Touchscreen data can be in the form of keystrokes acquired from the keyboard or in the form of touch data acquired throughout the user interaction. In the former case, the virtual keys pressed are logged together with pressure and timestamps for each key press and release. In addition, it is possible to track the position of the fingers on the touchscreen in terms of X and Y coordinates, velocity, acceleration, angle, and trajectory of the pressed points, as well as finger size pressure information. Such information can be used for behavioral biometric user authentication, and to improve usability as in the case of the different touch gestures (tap, pinch, zoom, scroll, etc.) available.

Sensor Permissions in Android

In this post we will consider Android as its share covers over 70% of the total smartphone operative system market (2022). In the phone settings, users can typically exercise their right to privacy in the dedicated “Privacy” section. A Permission Manager tool is typically available to quickly check what permissions have been granted to any of the installed apps, and to manage them according to the user’s preference.

As it is possible to see in the image on the left, all permissions are grouped into 13 categories. The several and diverse sensors described in the previous section are all included in only 2 of the categories presented. The description available on the Android documentation is reported below:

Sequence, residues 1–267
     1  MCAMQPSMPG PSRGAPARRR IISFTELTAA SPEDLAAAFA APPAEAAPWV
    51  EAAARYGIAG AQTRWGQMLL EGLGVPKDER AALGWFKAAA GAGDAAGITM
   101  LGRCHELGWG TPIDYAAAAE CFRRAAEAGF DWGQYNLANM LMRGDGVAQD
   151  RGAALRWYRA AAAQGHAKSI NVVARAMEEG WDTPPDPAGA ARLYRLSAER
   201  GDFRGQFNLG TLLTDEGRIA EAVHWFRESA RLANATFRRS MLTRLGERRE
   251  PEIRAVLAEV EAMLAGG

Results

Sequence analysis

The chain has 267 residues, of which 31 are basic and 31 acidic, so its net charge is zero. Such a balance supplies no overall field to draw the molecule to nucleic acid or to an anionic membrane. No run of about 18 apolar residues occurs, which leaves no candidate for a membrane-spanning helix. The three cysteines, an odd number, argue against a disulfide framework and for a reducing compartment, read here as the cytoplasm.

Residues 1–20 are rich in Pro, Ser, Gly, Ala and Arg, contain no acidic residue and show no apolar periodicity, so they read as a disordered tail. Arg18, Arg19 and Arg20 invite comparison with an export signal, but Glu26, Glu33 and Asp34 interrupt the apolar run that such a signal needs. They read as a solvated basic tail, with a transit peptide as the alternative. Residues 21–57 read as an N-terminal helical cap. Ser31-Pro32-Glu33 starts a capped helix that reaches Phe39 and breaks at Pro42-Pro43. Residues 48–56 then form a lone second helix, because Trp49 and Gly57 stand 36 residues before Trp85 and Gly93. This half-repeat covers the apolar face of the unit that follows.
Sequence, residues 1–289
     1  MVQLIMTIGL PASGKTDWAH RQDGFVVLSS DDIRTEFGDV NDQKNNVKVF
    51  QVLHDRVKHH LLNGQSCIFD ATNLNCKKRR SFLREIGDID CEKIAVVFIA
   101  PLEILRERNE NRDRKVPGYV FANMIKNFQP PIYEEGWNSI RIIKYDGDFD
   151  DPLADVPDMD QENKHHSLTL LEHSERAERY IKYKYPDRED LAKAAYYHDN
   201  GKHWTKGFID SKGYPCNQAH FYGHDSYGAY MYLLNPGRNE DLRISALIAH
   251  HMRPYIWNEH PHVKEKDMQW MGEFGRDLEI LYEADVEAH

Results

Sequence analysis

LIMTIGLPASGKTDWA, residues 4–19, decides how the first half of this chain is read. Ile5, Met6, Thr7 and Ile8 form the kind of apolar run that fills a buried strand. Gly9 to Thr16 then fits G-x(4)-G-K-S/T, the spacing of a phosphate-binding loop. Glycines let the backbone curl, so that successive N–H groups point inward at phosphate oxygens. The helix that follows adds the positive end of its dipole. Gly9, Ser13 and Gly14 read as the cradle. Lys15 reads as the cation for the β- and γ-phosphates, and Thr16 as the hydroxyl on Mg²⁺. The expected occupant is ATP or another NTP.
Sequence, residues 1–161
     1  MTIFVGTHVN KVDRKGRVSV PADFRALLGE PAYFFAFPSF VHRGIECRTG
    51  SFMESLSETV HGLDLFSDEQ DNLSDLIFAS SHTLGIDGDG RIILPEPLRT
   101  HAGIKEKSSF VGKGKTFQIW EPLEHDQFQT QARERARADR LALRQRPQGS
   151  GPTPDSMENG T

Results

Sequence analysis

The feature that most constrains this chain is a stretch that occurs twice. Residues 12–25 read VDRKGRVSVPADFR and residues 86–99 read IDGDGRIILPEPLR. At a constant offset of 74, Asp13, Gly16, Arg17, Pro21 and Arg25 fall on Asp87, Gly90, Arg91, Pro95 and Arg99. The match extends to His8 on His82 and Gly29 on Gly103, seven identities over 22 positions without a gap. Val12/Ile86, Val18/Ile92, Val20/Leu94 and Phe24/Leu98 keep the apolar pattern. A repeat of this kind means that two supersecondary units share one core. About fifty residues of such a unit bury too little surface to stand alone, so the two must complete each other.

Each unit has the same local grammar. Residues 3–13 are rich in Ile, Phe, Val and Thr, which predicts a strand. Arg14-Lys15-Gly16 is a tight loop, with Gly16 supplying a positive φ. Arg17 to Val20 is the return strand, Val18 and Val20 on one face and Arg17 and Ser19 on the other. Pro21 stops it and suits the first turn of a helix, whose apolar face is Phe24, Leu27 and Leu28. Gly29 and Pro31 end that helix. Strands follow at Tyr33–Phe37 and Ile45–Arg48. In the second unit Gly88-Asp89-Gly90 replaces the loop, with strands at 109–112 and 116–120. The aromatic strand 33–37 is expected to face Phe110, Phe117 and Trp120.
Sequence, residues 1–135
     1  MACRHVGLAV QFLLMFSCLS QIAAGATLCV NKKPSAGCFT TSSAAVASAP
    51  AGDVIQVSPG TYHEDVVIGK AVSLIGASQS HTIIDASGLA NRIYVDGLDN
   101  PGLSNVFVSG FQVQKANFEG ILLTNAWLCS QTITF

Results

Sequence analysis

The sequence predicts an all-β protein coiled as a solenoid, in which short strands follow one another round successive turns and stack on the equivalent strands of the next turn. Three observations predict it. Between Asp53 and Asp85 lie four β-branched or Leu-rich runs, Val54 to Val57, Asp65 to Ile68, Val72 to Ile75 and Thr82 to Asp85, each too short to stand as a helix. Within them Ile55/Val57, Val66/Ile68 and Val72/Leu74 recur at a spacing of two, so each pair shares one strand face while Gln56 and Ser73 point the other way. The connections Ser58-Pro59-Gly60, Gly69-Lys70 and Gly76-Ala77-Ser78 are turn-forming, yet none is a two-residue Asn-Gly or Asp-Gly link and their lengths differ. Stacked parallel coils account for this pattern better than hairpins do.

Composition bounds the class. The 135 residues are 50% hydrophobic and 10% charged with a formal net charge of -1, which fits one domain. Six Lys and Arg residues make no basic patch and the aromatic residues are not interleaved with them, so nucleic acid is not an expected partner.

– Body sensors: Allows an application to access data from sensors that the user uses to measure what is happening inside their body, such as heart rate.

– Physical activity: Allows an application to recognize physical activity.

In addition, a Privacy Dashboard is also available to monitor what data have been used by which application, to spot unnecessary and possibly malicious user data usage.

Therefore, several independent sources of information are all regulated, in terms of privacy, by only two permissions with a short description. Moreover, there is no specific permission about touchscreen data, which have also been demonstrated to be a rich ground for inferring user sensitive and personal information.

The Design of Privacy Tools

In this context, the design and engineering of such privacy features seem crucial. On one hand, it is legitimate to ask how users can have control over their privacy if the “privacy knobs” at their disposal have such intrinsic limitations. Some might consequently argue that finer privacy granularity might be needed. On the other hand, it would not be convenient for app developers having to deal with a specific permission for each single one of the installed sensors. Additionally, the final non-technical end users might even feel overwhelmed if the number of permissions is excessive, failing once again in managing privacy virtuously.

In this scenario, it is evident that a compromise must be sought among the parties (end user vs. apps profiting with user data), and that the usage of the collected data should be necessary and proportionate, as promoted by the GDPR [2], which also identifies consent as just one of the six legal bases outlined in Article 6. Consequently, an open question would be whether the currently adopted trade-off design is the optimal one.

The Limitations of Consent